Nancy, Jean-Luc (1940–)

DOI: 10.4324/9780415249126-DE019-1
Version: v1,  Published online: 1998
Retrieved June 15, 2024, from

Article Summary

Jean-Luc Nancy has disclosed significant political and social dimensions to the general project of deconstructing Western philosophy. Existence does not precede essence, according to Nancy; existence is without essence, and it is therefore impossible both to represent existence and to exist alone. Being is always ’being in common’. The task of philosophy consists in rethinking the commonality of being without relying on any prior conception of identity, unity or wholeness. ’Being in common’ means that nothing – no substance, no identifiable trait– is held in common. The absence of a common substance or spiritual identity does not then generate a command to make up for this lack by means of socially useful work. As the exposure of each singularity to its ungrounded commonality, ’being in common’ is the always surprising ’fact’ upon which all of Nancy’s investigations into philosophy, literature, psychoanalysis and political phenomena are oriented.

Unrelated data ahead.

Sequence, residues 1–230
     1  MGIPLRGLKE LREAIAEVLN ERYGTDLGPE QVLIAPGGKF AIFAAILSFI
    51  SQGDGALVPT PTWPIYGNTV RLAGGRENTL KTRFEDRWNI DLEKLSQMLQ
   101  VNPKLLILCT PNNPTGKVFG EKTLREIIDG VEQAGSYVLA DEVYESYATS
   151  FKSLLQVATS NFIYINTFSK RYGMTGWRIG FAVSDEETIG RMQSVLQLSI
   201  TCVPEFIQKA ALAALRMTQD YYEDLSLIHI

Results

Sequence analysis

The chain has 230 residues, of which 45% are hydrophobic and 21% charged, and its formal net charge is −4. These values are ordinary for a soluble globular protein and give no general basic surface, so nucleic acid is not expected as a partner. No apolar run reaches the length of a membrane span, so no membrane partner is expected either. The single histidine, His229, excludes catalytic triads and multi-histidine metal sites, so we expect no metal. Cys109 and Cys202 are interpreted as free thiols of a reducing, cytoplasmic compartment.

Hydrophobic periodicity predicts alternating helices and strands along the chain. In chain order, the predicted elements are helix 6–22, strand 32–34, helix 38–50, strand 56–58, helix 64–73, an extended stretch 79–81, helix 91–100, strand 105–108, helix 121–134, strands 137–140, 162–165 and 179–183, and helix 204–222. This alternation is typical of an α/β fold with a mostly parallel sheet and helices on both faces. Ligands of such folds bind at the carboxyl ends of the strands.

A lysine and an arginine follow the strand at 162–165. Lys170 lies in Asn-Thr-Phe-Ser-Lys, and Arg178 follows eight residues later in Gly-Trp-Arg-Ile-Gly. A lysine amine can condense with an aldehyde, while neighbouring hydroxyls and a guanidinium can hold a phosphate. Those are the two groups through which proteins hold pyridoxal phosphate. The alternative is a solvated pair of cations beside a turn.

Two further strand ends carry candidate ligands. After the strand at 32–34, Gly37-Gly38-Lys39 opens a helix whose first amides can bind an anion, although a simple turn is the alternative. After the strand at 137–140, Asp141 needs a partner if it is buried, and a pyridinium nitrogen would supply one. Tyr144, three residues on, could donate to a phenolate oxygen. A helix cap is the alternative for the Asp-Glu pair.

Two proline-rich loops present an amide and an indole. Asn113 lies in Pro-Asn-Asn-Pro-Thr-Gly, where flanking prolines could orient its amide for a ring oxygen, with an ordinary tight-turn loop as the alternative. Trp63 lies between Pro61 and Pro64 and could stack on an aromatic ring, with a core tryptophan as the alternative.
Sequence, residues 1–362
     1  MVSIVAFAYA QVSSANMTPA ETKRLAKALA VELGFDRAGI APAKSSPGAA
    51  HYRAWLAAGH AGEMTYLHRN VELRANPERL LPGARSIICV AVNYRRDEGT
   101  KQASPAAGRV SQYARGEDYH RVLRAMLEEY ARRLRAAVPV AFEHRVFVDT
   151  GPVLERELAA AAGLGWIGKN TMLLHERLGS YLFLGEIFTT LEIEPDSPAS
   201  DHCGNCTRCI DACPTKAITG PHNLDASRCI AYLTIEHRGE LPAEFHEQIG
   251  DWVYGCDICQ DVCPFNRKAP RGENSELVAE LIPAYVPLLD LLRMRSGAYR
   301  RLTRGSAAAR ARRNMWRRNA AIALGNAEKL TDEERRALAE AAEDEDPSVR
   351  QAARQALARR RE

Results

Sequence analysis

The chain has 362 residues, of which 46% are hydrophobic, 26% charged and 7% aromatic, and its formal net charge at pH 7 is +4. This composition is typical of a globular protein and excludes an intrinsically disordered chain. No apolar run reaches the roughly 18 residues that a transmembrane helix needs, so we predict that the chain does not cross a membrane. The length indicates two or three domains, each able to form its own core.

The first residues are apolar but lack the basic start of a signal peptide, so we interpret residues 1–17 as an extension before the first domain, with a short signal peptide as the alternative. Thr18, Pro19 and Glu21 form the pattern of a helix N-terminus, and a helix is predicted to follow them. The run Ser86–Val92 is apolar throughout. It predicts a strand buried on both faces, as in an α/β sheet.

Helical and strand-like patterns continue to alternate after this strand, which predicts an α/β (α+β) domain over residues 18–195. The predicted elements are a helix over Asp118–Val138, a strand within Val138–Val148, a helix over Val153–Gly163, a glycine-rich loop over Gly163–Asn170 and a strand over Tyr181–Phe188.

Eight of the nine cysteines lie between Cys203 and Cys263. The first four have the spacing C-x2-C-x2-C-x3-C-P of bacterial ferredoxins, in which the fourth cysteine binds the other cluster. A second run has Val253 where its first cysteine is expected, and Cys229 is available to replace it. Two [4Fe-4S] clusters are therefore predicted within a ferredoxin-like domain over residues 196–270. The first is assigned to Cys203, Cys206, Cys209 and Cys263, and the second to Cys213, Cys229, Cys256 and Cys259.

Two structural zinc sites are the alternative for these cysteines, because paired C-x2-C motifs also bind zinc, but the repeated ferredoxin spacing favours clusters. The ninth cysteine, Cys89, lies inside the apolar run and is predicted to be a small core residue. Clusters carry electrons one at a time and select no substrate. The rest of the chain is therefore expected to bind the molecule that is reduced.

As a professor of philosophy at the University of Human Sciences in Strasbourg, Jean-Luc Nancy remains on the periphery of contemporary academic philosophy in France. The proximity of Strasbourg to Germany is reflected in many aspects of his work. Not only has Nancy translated seminal texts of German philosophy and literary theory, his writings constantly engage those post-Kantian German thinkers – Hegel, Marx, Nietzsche, Freud, Heidegger – who declare, each in his own way, that philosophy has come to an end. Both his critical commentaries on philosophical texts and his attempts to rethink the terms in which political and social philosophy are cast take their point of departure from what Heidegger called ’the end of philosophy’. This phrase means, for Nancy, that the resources of representation have been exhausted: philosophy can no longer claim to bring the essence of a phenomenon into view on the basis of a unified subject of any sort. Since philosophy has come to an end, and since it cannot be simply overcome, there is no choice but to repeat the history of philosophy. There are two ways to undertake this repetition: either ignore the end of philosophy and proceed to rework previous philosophical positions, or expose philosophy to its end and thus develop a ’finite’ thought of community, sharing, meaning, freedom – to name a few of the topics Nancy has explored in detail. By re-examining these topics from the perspective of what Jacques Derrida has called the ’closure of metaphysics’, Nancy has made a significant contribution to the general project of deconstructing the history of Western metaphysics.